Carolyn Kaster / AP

Peter Thiel has made some shrewd bets in his lifetime: a half-million dollar wager as Facebook's first outside investor, earning him roughly $1 billion when he cashed out in 2012; and more recently, his contrarian political bet on Donald Trump.

Need more evidence to recommend Thiel's foresight? Check out this video from the 2007 Singularity Summit (ignore the erroneous year in the video title), in which Thiel suggests how to bet on the singularity, the inflection point when machines achieve super-human intelligence.

Thiel's thesis is that the only real choice is a bet that the singularity wildly succeeds, and not that humanity is doomed (i.e., a Matrix-like conquest of man by machine). "If you are somebody who is predicting the end of the world, even if you are right, I think you will still not make a lot of money," Thiel quips in the video.

  • Thiel did this talk months before the financial crash pulled the U.S. into the Great Recession, and many years before the recovery led to today's lofty valuations for AI-intensive companies like Google and Facebook.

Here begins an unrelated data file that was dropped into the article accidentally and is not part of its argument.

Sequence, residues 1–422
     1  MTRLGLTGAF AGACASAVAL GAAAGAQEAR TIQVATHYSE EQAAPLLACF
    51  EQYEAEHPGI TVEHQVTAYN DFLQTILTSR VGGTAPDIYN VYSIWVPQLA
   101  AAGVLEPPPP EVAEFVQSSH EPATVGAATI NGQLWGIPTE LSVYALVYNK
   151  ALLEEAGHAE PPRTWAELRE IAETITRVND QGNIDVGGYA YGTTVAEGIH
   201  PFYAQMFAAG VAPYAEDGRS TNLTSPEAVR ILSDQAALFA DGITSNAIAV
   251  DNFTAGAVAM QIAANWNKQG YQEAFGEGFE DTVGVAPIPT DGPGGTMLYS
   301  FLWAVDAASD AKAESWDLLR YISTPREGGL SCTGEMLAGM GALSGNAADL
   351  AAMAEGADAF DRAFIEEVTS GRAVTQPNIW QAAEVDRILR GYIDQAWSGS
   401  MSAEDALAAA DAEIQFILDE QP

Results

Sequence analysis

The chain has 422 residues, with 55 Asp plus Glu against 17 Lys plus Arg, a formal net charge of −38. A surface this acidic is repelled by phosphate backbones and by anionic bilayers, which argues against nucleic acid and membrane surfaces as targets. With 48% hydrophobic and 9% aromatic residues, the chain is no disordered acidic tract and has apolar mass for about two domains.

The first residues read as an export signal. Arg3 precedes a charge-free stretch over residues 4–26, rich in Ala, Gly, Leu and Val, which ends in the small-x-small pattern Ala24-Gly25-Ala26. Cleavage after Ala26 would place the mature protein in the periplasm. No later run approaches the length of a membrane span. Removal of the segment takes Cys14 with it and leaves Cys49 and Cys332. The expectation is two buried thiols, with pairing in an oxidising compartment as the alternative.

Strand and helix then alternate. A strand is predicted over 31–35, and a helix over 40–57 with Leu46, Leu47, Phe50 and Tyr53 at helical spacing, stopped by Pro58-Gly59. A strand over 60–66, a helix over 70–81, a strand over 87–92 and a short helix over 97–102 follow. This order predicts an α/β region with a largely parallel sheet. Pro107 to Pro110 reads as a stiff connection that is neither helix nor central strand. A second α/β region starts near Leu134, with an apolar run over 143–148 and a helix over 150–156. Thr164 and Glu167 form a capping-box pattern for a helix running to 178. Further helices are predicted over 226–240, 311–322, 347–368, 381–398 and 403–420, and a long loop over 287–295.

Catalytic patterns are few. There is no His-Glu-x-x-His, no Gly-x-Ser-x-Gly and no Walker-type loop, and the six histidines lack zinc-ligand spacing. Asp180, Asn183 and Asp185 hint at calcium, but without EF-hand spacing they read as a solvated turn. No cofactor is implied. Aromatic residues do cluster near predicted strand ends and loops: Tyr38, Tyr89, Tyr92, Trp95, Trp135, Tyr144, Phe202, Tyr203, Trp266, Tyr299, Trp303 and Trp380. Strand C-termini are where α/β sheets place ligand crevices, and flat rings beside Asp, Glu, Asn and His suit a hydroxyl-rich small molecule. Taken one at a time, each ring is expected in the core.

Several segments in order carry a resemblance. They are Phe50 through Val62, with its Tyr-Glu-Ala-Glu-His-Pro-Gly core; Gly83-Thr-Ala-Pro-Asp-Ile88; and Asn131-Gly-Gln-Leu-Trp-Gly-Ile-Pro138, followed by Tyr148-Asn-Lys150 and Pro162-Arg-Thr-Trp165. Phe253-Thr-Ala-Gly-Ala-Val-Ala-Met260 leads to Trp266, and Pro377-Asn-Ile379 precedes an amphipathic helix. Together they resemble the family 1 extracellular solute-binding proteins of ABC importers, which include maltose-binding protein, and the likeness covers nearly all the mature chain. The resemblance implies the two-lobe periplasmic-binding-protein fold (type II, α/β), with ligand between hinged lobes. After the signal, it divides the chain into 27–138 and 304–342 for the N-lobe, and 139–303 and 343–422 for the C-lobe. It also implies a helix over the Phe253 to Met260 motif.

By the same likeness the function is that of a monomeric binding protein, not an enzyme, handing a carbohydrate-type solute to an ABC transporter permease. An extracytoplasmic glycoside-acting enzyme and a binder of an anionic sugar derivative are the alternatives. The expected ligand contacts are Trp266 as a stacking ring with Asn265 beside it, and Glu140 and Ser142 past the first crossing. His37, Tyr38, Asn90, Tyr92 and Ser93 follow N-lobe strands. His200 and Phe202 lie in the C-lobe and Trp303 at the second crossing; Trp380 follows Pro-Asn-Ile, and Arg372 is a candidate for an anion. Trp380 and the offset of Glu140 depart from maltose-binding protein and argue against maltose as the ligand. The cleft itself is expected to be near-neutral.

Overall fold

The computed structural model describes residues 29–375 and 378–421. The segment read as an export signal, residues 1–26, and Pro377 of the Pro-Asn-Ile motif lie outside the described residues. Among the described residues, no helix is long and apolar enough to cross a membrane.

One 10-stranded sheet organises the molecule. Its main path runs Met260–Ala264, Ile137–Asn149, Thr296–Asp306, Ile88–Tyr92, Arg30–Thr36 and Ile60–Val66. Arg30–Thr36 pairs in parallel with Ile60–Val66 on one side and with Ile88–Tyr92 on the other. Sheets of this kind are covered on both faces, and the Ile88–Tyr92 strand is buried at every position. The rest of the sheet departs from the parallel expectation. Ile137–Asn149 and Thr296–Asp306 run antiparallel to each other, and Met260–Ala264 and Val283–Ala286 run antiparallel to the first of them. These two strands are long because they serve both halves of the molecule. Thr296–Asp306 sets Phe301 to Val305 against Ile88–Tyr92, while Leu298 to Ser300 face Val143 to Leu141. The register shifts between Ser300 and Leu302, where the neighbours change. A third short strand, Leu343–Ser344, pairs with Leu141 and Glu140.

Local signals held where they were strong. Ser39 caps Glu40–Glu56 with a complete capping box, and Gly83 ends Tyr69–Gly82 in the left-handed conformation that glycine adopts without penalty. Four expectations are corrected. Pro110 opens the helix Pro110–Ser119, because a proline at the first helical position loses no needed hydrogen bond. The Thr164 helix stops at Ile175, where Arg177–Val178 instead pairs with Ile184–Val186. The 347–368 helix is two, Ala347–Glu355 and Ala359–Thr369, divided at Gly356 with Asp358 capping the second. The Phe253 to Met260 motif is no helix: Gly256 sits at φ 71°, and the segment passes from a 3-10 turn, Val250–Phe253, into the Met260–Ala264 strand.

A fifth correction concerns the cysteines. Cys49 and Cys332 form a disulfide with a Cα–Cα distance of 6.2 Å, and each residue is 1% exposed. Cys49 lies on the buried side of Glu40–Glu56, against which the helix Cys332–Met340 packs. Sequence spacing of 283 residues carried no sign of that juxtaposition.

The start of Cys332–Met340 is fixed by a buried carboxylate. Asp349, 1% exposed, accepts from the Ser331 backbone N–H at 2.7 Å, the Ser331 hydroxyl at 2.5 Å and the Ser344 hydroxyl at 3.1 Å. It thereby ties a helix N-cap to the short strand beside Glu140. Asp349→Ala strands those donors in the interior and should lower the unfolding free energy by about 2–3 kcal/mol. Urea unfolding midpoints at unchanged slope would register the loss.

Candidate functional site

• "If you have a singularity, there is presumably going to be one entity or one company or one team that's going to take over the whole world and be worth more than everything else put together," Thiel says.
  • In a world where the singularity is nigh, the only way for investors to bet on it is to invest in the entity that triggers it or some proxy for that entity (like, say, the San Francisco real estate market).

Thiel's predictions: We should expect booms and busts of successively greater magnitude as investors go all in on whatever they see as the future source of unbounded technological growth.

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